Say what you will about Revenge of the Sith, it was excellently shot.

And of course, in Revenge of the Sith, Anakin was torn between his political friendship with Sheev Palpatine and the Jedi Order, but he did not take a holistic view of the matter and allowed his judgment to be led by Palpatine, who preyed on his fears. Through his powerful position, Palpatine also gave Anakin the kind of lovin’ he couldn’t get from either the Jedi or Padme. He stroked Anakin’s ego, drop-fed him with praise, fanned the fires of his ambitions, and finally, told him what he already knew — that he was stronger than the Jedi, and their dogmatic ways were holding him back.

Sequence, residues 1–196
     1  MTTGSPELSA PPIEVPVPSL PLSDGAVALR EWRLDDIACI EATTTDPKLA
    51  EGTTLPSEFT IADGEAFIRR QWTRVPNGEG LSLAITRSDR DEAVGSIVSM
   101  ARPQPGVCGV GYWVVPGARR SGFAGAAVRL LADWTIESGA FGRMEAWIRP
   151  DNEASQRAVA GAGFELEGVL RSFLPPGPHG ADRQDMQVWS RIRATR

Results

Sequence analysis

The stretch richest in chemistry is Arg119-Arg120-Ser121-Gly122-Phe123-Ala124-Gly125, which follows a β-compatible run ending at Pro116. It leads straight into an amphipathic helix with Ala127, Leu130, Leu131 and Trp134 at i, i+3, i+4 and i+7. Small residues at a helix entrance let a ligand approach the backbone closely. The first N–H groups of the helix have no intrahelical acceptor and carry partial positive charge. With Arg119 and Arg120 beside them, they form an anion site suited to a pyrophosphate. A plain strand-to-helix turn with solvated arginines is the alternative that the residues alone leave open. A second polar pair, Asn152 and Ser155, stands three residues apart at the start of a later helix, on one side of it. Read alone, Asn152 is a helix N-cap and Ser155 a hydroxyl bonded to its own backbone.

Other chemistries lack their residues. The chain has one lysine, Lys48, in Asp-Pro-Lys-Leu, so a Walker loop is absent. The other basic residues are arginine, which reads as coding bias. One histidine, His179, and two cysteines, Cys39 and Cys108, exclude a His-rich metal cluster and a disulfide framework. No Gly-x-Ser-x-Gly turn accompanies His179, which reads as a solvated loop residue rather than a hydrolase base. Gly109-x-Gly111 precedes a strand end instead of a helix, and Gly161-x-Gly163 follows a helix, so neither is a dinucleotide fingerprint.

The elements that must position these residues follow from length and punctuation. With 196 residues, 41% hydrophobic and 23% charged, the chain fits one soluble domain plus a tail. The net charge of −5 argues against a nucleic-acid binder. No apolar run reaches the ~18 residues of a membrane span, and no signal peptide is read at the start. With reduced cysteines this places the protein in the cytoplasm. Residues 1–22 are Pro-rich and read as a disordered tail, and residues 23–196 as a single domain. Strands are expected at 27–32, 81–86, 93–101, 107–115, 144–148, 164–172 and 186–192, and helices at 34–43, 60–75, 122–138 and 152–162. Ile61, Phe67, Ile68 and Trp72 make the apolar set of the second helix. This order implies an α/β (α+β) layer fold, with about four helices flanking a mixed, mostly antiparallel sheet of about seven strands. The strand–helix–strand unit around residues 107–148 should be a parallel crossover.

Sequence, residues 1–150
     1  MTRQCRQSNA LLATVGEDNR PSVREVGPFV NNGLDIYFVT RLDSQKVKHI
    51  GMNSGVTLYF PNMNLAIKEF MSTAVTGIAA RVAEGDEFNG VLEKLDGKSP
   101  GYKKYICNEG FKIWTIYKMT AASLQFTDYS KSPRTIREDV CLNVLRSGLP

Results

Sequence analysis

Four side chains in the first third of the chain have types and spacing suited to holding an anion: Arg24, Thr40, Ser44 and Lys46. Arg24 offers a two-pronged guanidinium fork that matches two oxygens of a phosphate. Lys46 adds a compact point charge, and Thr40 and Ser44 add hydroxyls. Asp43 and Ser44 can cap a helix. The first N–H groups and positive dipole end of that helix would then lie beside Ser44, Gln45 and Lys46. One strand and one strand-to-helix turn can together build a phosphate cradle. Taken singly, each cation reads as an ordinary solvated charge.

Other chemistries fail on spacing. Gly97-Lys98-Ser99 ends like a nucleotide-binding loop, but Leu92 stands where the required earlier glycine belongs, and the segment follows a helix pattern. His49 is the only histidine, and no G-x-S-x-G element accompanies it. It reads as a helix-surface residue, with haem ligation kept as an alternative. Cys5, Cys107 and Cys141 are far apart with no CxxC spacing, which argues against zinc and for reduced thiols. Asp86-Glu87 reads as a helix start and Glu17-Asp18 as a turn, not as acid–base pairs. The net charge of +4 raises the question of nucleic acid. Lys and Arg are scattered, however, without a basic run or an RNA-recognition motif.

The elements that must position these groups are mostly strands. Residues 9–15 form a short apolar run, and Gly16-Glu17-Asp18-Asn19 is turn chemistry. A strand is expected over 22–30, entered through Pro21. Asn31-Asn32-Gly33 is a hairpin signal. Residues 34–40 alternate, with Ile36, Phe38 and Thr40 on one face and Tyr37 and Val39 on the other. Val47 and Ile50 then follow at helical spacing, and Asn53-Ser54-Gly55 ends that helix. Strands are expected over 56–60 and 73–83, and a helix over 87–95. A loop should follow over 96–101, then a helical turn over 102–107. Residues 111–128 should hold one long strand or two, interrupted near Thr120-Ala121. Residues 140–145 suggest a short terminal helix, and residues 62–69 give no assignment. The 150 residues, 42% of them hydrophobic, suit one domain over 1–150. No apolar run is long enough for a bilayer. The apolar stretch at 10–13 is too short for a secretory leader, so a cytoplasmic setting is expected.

Everything that informed Anakin’s turn to the dark side was a question of nurture over nature. He was a sweet kid, starting out. But he was presented with obstacles, and given choices. Some of his choices may have been either bad or good, depending on your point of view, but the ones that led him towards the dark side were clearly defined. He slew the sand people. He slew an unarmed Count Dooku. He let his fear of Padme dying — a strong premonition, nothing more — influence his actions to turn against Mace Windu and support Palpatine’s murderous plot. He killed children. He murdered the Seperatist leadership. Finally, he choked his own wife. When he awakens in the Darth Vader suit (after a torturous process), the first thing little Ani asks is whether Padme is alive. His grief and anguish over learning that she died drove him over the edge in sorrow. The aftermath of Revenge of the Sith paints a very clear picture of what kind of a man the imposing villain of the OT really was. Vader was not born innately evil, nor a misunderstood hero. He’s a tragic figure who made some very bad choices and became essentially spiritually trapped in a cyborg body, doing the bidding of the master he was cleverly manipulated into serving. And despite better robotics existing (see General Grievous), Darth Sidious kept Vader in a suit that was awkward and limiting, so as to keep his power and spirit forever in check. Now that’s a mythological story if I ever heard one. It’s Faustian, epic, allegorical, and larger-than-life.